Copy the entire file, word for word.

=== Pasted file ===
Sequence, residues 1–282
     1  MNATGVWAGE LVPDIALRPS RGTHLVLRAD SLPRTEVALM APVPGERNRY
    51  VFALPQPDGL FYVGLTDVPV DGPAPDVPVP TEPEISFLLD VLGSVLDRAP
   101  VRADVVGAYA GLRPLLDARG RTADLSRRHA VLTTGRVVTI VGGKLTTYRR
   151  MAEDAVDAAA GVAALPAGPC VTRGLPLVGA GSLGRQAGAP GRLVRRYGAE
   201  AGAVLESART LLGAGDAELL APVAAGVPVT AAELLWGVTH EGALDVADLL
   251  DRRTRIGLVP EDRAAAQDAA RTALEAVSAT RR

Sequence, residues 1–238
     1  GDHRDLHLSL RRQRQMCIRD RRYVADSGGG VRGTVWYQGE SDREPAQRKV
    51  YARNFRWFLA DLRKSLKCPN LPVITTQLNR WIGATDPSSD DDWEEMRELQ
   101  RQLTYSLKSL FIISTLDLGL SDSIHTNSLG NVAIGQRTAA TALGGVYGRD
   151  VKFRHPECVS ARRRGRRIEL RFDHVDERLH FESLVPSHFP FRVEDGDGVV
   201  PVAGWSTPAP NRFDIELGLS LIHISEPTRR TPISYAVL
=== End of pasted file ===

Sequence, residues 1–282
     1  MNATGVWAGE LVPDIALRPS RGTHLVLRAD SLPRTEVALM APVPGERNRY
    51  VFALPQPDGL FYVGLTDVPV DGPAPDVPVP TEPEISFLLD VLGSVLDRAP
   101  VRADVVGAYA GLRPLLDARG RTADLSRRHA VLTTGRVVTI VGGKLTTYRR
   151  MAEDAVDAAA GVAALPAGPC VTRGLPLVGA GSLGRQAGAP GRLVRRYGAE
   201  AGAVLESART LLGAGDAELL APVAAGVPVT AAELLWGVTH EGALDVADLL
   251  DRRTRIGLVP EDRAAAQDAA RTALEAVSAT RR

Sequence, residues 1–238
     1  GDHRDLHLSL RRQRQMCIRD RRYVADSGGG VRGTVWYQGE SDREPAQRKV
    51  YARNFRWFLA DLRKSLKCPN LPVITTQLNR WIGATDPSSD DDWEEMRELQ
   101  RQLTYSLKSL FIISTLDLGL SDSIHTNSLG NVAIGQRTAA TALGGVYGRD
   151  VKFRHPECVS ARRRGRRIEL RFDHVDERLH FESLVPSHFP FRVEDGDGVV
   201  PVAGWSTPAP NRFDIELGLS LIHISEPTRR TPISYAVL